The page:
By Lee Shearer
ATHENS, Ga. — Climate change gets the most attention nowadays when it comes to human-caused environmental destruction, but it’s only one of the ways humans are shredding ecological webs of life.
One that’s under-reported is the growing spread of foreign plants like privet, a nondescript Asian shrub a U.S. Forest Service scientist once compared to an atomic bomb in its ability to obliterate everything around it.
Used for more than a century as a landscaping plant — the Sanford Stadium hedge is one — seven species of privet have now made their way into more than 600,000 acres of Georgia forest and countless urban and rural yards.
Other plants, mainly from China and other Asian countries, have also reached millions of acres in Georgia in a kind of slow-motion life-and-death struggle playing out in various scenarios not just in Georgia but across the world.
They get here and spread in various ways. Many brought here for planting because they’re pretty. Privet and dozens of other invasive exotic plants are a big and under-rated factor in why scientists are seeing steep declines in insect numbers and bird numbers in Georgia and elsewhere, says Georgia Department of Natural Resources botanist and ecologist Mincy Moffett.
“Invasive exotics is about extinction,” he said.
“We’re losing the Southern forest,” said Athens-Clarke County Ecological Resource Manager Mike Wharton.
When Wharton says forest, he’s not just talking about trees, but all the life in a forest — the birds that nest in the trees, the rabbits and voles beneath, the bugs or greenery they eat, even the soil micorganisms and worms.
As privet grows up in thickets, nothing can grow beneath it, and even the soil acidity is changed.
Forest researchers have found that the changed soil is more hospitable for invasive species of worms whose appetites accelerate litter composition and make soil harder, increasing stormwater runoff, Wharton explained.
Humans have been moving plants and animals around thousands of years, but the pressure on natural systems today from invading plants — privet, Japanese honeysuckle, English ivy and many more — is unprecedented, said Karan Rawlins, invasive species coordinator at the University of Georgia’s Center for Invasive Species and Ecosystem Health.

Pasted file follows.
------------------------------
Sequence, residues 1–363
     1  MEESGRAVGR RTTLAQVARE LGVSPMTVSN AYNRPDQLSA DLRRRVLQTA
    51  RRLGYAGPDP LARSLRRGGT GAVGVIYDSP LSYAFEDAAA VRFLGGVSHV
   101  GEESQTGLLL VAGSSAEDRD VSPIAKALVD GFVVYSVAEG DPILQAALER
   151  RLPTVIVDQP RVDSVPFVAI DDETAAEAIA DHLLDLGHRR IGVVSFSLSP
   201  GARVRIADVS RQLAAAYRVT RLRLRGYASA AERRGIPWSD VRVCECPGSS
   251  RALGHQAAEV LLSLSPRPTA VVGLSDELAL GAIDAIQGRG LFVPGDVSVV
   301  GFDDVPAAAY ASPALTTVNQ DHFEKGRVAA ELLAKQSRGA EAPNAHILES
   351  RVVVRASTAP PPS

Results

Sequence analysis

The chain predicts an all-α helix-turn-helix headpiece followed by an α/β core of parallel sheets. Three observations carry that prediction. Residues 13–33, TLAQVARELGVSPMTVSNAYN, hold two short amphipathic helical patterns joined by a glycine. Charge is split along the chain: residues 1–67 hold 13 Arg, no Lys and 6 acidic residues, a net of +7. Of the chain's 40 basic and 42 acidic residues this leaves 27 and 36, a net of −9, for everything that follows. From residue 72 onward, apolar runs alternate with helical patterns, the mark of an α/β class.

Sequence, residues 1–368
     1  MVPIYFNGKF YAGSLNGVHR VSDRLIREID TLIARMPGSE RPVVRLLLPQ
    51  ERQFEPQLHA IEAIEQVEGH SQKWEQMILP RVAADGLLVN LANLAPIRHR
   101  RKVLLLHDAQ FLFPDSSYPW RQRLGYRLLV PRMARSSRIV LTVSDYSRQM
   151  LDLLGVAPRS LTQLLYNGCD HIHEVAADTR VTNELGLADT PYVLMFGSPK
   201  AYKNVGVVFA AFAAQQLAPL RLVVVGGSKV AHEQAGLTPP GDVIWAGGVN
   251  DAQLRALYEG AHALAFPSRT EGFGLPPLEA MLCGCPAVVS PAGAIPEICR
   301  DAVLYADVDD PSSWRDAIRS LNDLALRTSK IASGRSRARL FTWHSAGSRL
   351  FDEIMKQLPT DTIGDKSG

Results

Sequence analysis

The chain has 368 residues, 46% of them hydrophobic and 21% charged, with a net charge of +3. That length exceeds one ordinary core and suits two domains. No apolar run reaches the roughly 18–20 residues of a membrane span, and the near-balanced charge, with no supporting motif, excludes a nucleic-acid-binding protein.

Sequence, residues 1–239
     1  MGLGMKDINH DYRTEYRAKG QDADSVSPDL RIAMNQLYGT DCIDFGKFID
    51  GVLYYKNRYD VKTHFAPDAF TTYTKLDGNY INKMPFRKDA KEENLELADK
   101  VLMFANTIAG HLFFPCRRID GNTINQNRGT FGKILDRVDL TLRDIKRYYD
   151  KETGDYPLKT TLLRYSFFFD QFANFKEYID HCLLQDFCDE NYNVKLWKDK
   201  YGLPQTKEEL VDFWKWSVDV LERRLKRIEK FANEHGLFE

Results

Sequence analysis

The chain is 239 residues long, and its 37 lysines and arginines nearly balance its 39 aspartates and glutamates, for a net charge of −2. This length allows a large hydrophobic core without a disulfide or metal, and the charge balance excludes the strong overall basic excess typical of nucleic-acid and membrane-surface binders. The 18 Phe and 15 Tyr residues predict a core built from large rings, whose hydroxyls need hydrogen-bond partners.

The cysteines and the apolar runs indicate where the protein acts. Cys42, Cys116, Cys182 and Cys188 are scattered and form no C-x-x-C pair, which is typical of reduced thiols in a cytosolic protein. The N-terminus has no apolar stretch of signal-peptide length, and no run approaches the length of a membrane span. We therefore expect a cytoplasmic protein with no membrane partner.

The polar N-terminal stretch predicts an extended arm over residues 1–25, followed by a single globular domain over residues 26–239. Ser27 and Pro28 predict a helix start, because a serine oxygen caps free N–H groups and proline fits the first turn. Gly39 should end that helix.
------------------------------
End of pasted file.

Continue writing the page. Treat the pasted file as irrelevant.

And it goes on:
“People have always mixed things up, but in modern times it has sped up, more than a natural system can adapt to,” she said.
No one expects to be able to roll back the invasion, but state land managers, among others, are working to protect and restore what they can. Many landscapes still remain relatively untouched by non-native invasion.
Locally, the State Botanical Garden has been rolling back the exotic plants infesting its forests, and a volunteer group called the Weed Warriors saw native plants return to Athens’ Memorial Park as they worked over years to eradicate the park’s heavy load of privet, ivy and other exotics.
As Athens-Clarke’s Wharton spoke this summer, he watched a small army of volunteers from Athens’ Pilgrims Pride poultry processing plant toil for days in July heat removing privet and other invasive plants from a stretch of the North Oconee River near downtown Athens, giving a head start of years on what Wharton hopes will be a much larger restoration along the river.
When native plants return to the area, re-emerging or seeded with a recipe created by State Botanical Garden of Georgia conservationist Linda Chafin, the stretch will be a seed bank for native plantings elsewhere as Athens-Clarke land managers reclaim more exotic-occupied territory, Wharton said.
“As we pull it back, we’re going to see how beautiful this area is,” Wharton said.
Forest ecologists like Rawlins also hope state lawmakers can be convinced of how serious a threat invasive exotic plants really are.
Georgia is one of just four states that don’t have a noxious weed law that could reduce the sale and use of foreign plants known to be invasion threats.